Jewelry made of turquoise and silver instantly brings Native American culture to mind. But much of the popularization of such jewelry came through a family of Italian jewelry craftsmen. Frank Patania, Sr. immigrated to New York with his parents in 1908 after training to be a goldsmith as a child. He was recognized as a talented jewelry designer even in his teens. But doctors sent him to Santa Fe, New Mexico, to recover from tuberculosis, and he opened a jewelry store there. And then another in Tucson.
Frank Sr.’s designs stood out among the more familiar shapes of Native American jewelry, and in turn, his work influenced many artisans in the area. “He brought with him an Italian design sense, and worked silver in a gold and platinum style that made his pieces more sculptural and lighter in appearance than what was being done by Native Americans at the time,” Patania says. “His designs brought in clients who lived in the area part time and wanted jewelry that could be worn outside the Southwest.”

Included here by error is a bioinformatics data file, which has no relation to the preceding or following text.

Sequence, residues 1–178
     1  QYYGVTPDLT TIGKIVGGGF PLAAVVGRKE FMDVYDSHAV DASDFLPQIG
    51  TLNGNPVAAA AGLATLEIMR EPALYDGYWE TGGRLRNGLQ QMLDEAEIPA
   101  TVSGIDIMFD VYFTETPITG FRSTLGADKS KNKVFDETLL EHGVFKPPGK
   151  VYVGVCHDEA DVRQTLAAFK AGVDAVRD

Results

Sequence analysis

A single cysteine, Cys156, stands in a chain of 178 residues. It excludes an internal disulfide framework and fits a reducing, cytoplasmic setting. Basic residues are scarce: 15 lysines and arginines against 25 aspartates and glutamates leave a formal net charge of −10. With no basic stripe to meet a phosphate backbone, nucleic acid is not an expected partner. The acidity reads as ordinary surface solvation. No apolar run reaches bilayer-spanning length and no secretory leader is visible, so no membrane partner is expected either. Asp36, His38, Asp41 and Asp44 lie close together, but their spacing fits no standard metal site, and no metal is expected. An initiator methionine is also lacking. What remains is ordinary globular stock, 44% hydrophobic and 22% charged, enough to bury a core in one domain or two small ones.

Although Frank Sr. did incorporate regional materials like silver and turquoise, as well as common motifs of Native American jewelry, his style blended these with European trends, such as the organic forms of Art Nouveau and the streamlined shapes of Art Deco. “Many of his motifs, like leaves, are not traditionally Native American, but they became ubiquitous in Native American work after he began using them,” Patania explains. “He brought an outsider’s design sensibility and work style that didn’t exist in the Southwest until he moved to Santa Fe in the early 1920s.”